"My name is Captain Adam Wilson," he introduced himself. He wore Dress Blues just like the notification officers had, but he seemed uncomfortable in the role he had been assigned to play. I knew I would be. His frame nearly filled the loveseat across from the couch my mother sat upon, and he dragged the coffee table toward him, softly scraping the carpet. "Did you want someone to take notes?" He glanced at Mom. "For when she's feeling up to it?"
"I've got it," a woman from the team said softly, pen and notebook ready.
Captain Wilson gathered a stack of papers from his leather briefcase, and tugged at his tie, making a minor adjustment. "There's another child, correct?" He shuffled through a few of his papers until he selected a form. "August Howard?"
"Gus is upstairs," I answered, taking the seat on the other side of Mom, closest to Captain Wilson. I clutched the black binder I'd gotten out of Mom's office. It was the very last item in the filing cabinet, just like Dad had told me before he left. "I haven't told him yet."
"Would you like me to?" Captain Wilson asked softly. I briefly considered it. Mom was in no state to discuss it with him, and Captain Wilson had probably been trained to deliver information like that. I couldn't do it though, let a stranger alter the universe of my little brother.
"No. I'll do it myself."
April began crying again, but Mom sat as still as ever, vacant, not really here with us. "I want to give him as long as possible before I have to. His world is still normal. He doesn't know that nothing will ever be the same for him." I bit back my own sob. "He's seven years old and everything he knows just ended. So I think I'll give him just another few minutes." Before I tear him to pieces. My skin flushed as new tears came to the surface. I supposed that was the way things would go for a while. I needed to get better at pushing them back.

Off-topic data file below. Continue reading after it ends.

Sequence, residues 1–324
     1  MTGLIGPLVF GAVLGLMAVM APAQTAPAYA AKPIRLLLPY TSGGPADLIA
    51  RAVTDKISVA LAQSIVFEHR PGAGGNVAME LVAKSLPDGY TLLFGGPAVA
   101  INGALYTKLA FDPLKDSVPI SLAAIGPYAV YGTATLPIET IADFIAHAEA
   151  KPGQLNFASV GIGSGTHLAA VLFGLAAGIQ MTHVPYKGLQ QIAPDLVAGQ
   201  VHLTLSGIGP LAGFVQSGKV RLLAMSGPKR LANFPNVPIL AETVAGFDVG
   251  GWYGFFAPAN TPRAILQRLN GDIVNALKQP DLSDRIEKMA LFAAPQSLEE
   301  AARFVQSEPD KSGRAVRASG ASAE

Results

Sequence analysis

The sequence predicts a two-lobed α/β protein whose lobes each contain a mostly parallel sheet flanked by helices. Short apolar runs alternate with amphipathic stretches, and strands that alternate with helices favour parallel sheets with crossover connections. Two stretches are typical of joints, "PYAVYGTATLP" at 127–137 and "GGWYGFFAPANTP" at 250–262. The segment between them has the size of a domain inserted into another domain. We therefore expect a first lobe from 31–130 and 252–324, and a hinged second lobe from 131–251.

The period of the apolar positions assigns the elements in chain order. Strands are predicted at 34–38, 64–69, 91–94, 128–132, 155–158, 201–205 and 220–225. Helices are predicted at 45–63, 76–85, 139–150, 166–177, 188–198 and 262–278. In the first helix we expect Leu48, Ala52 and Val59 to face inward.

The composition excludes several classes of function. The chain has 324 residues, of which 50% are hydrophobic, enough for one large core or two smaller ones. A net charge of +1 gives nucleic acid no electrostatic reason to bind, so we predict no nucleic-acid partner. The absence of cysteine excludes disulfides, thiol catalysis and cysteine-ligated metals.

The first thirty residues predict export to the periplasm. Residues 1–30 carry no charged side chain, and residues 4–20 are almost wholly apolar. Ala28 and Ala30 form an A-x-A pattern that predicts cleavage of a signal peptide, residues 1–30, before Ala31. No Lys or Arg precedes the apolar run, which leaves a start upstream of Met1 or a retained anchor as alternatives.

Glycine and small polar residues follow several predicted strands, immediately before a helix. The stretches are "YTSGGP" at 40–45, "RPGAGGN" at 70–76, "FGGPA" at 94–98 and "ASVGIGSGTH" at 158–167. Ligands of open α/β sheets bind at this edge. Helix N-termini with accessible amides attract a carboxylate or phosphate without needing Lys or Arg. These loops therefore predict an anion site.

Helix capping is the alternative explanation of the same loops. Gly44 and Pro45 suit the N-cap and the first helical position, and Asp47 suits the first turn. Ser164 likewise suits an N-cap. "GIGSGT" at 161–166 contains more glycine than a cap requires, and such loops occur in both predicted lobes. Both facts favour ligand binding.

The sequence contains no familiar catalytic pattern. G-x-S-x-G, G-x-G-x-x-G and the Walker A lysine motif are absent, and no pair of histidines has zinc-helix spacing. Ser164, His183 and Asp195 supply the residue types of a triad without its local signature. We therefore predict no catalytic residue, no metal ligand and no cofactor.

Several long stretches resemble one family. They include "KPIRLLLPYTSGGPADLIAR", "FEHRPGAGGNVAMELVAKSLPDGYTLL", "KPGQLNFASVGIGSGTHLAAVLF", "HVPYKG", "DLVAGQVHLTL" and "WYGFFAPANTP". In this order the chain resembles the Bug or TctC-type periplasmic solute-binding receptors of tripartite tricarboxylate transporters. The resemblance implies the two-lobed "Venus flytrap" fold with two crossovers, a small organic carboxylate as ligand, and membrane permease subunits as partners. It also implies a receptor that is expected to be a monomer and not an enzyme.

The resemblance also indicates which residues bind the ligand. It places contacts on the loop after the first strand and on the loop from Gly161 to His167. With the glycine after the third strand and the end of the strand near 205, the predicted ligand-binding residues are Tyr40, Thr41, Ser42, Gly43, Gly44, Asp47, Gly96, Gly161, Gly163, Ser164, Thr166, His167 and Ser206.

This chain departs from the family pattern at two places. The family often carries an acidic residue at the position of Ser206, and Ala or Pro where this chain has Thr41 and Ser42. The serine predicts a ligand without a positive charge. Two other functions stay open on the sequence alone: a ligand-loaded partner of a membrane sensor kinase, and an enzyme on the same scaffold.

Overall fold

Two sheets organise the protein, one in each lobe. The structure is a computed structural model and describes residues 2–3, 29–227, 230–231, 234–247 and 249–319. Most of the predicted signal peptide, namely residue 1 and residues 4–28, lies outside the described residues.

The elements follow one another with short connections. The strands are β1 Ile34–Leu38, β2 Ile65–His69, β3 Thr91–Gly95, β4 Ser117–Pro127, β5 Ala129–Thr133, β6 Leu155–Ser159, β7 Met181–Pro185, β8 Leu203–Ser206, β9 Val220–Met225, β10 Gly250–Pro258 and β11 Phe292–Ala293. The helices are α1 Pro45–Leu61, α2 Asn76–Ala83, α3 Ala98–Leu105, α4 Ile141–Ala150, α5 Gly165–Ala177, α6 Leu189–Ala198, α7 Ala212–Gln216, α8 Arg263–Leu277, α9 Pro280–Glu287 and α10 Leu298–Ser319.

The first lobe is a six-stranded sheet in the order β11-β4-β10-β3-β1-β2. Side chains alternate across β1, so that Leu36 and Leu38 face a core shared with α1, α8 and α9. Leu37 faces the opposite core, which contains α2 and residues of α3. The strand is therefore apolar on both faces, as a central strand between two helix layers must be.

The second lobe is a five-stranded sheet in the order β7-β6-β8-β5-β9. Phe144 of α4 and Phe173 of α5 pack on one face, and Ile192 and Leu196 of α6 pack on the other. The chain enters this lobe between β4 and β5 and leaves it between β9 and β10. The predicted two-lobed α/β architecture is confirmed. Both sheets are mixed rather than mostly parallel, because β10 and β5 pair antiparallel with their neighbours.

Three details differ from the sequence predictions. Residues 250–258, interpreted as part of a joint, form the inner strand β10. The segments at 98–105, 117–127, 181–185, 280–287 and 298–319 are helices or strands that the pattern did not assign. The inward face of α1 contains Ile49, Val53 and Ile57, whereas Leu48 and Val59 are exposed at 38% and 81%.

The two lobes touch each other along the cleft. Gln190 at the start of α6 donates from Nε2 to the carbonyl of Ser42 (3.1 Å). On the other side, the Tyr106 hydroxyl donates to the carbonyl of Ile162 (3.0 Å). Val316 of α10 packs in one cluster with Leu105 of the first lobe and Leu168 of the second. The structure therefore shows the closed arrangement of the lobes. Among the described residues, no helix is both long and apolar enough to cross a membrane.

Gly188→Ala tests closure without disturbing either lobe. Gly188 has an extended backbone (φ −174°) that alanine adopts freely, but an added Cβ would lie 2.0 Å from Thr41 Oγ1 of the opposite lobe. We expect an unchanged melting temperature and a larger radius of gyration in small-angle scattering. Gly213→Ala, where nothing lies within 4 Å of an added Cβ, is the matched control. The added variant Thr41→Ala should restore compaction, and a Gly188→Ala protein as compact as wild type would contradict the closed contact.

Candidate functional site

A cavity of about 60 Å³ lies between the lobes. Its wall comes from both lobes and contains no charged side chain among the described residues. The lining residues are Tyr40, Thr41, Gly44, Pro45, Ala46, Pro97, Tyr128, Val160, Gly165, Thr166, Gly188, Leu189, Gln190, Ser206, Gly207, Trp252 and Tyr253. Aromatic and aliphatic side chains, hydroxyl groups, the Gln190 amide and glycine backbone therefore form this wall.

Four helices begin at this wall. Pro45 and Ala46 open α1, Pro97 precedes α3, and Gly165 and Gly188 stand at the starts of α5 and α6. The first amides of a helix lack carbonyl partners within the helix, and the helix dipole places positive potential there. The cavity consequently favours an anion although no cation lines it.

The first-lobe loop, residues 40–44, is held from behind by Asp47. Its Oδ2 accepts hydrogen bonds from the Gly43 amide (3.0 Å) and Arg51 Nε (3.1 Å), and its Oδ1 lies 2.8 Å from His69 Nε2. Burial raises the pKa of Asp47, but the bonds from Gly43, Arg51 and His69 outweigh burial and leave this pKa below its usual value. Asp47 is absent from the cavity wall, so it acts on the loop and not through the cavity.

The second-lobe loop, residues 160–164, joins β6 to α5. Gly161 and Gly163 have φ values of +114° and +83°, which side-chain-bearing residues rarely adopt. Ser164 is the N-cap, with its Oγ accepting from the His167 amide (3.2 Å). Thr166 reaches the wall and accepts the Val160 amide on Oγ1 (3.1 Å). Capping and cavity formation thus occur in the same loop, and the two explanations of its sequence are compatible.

Captain Wilson cleared his throat and nodded his head. "I can understand that." He explained his role to us, that he would be our guide to Dad's casualty process. He would help us through the paperwork, the ceremony, the things no one saw coming. In a way, he was our handler, sent here to be a buffer between our grief and the United States Army. I was thankful for him just as much as I hated his sheer existence.
He would be with us until we told him we no longer needed him.
After he finished his explanation, the barrage of questions began. April excused herself, saying she had to lie down. There was no doubt in my mind that within a few minutes, this would all go public on Facebook. April was never one to suffer in silence.
The questions started, and I opened the black binder. Dad's handwriting was scrawled all over the pages of his will, his life insurance policy, and his last wishes, all the paperwork carefully organized for this exact moment. Did we know where he wanted to be buried? What kind of casket he wanted? Was there anyone we wanted with us? Was the bank account correct for the life insurance money to be deposited? Did we want to fly to Dover to meet his remains while the army prepared him for burial?
Dover. It was like crossing the army's version of the river Styx.